Effects of rate and pulse manipulations of the spectral maxima speech processor upon speech production
AuthorTobey, Emily A.; Blamey, Peter J.; McDermott, Hugh J.; McKay, Colette M
Source TitleConference of Implantable Auditory Prostheses
Document TypeConference Item
CitationsTobey, E. A., Blamey, P. J., McDermott, H. J., & McKay, C. M. (1993). Effects of rate and pulse manipulations of the spectral maxima speech processor upon speech production. In Conference of Implantable Auditory Prostheses, Rhode Island.
Access StatusOpen Access
Postlingually deafened adults experience many changes in their speech as a consequence of late-onset deafness. Previous studies have indicated changes in fundamental frequency, duration, intensity, and vowel formant frequencies in postlingually deafened adults. Postlingually deafened adults who receive multichannel cochlear implants demonstrate improved control of fundamental frequency and intensity. Shifts in formant frequencies to values similar to normal hearing. speakers also appears in some adult implant users. In order to examine how adult implant users adjust their vowel production in response to map changes, we examined vowel production following manipulations to the processing strategy of the Spectral Maxima Speech Processor. This processor uses a speech processing scheme in which six spectral maxima from the outputss of 16 bandpass filters stimulate the cochlea on a place basis at a constant rate. The rate of sampling of the filterbank output is 250 Hz, so six biphasic pulses are presented every 4 msec and there is no attempt to extract fundamental frequency or to find the formant peaks in the speech signal. Two manipulations to the scheme were examined. In the first condition, the rate of sampling remained at 250Hz but eight biphasic pulses were presented rather than six. In the second condition, six biphasic pulses were presented but the rate of sampling of the filterbank output was increased to 400 Hz. Speech samples also were acquired using the standard spectral maxima processor .and with no auditory feedback when the processor was turned off. Speech samples from three �subjects were acquired immediately after receiving the manipulated speech processors and after two weeks experience with the various processors. Preliminary data indicate one subject experienced increased fundamental frequencies while using the 400 Hz high rate strategy. No significant changes were observed in fundamental frequency between the normal SMSP processor and the eight pulse variation. Elimination of feedback resulted in significantly lower fundamental frequencies. The high rate and eight pulse variations resulted in significantly higher first formant frequencies. Second formant frequencies also appear to be influenced by the processing strategies. Comparisons of values produced immediately after receiving a new strategy versus those produced after two weeks use show shifts in primarily first formant values. Data will be presented for all three subjects and discussed in regard to sensitivity to variations in speech processing schemes and the influence of experience with manipulated schemes. (Work supported by the N1H-NIDCD).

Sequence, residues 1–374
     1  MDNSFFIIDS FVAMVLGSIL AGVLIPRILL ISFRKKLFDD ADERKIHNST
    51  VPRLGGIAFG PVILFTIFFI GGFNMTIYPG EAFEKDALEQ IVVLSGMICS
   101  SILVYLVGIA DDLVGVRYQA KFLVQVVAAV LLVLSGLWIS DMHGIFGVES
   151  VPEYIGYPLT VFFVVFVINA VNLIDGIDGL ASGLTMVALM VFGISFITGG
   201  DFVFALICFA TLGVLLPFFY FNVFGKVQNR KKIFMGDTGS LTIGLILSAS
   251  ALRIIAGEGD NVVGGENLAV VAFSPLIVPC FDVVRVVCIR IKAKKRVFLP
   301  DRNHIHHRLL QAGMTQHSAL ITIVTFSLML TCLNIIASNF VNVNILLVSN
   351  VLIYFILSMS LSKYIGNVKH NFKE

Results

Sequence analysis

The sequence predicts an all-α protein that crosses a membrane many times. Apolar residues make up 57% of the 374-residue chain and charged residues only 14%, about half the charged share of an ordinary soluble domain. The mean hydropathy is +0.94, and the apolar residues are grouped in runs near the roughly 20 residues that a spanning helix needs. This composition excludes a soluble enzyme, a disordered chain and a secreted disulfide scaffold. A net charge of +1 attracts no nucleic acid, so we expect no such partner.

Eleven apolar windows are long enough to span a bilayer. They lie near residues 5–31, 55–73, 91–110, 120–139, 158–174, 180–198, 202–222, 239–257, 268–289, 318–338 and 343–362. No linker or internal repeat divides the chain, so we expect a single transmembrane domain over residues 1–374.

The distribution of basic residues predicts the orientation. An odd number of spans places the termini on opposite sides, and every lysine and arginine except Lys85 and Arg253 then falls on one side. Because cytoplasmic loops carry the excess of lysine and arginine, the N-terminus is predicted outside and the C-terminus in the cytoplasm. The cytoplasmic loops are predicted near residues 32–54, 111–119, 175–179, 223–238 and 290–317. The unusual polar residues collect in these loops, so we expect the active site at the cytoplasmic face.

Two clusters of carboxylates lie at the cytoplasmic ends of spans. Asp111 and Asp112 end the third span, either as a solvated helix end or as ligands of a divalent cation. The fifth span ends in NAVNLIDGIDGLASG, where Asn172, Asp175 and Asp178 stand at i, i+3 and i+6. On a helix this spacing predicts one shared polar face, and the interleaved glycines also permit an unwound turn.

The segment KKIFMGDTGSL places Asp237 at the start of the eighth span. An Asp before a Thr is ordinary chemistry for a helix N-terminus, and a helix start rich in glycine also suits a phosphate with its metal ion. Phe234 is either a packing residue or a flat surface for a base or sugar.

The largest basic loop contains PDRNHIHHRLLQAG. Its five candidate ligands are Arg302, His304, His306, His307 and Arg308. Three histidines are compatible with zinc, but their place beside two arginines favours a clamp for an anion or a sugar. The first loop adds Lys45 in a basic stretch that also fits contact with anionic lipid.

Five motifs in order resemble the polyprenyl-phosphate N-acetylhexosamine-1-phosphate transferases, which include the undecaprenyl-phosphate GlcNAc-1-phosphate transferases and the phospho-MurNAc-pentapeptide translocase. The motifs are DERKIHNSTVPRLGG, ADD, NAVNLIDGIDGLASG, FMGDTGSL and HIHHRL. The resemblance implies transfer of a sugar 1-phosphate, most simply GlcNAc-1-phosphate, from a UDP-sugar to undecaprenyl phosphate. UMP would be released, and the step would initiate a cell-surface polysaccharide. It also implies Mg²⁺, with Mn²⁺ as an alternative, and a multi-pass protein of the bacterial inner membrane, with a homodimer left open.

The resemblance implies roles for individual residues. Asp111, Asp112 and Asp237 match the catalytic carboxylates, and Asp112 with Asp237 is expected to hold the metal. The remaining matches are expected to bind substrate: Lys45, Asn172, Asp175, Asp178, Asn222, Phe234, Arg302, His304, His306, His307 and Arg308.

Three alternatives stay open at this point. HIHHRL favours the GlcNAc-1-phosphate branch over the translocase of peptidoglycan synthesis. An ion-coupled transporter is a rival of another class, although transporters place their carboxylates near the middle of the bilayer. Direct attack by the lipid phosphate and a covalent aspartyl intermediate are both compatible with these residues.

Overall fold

Keywordsotology; speech function; cochlear implants; speech processor
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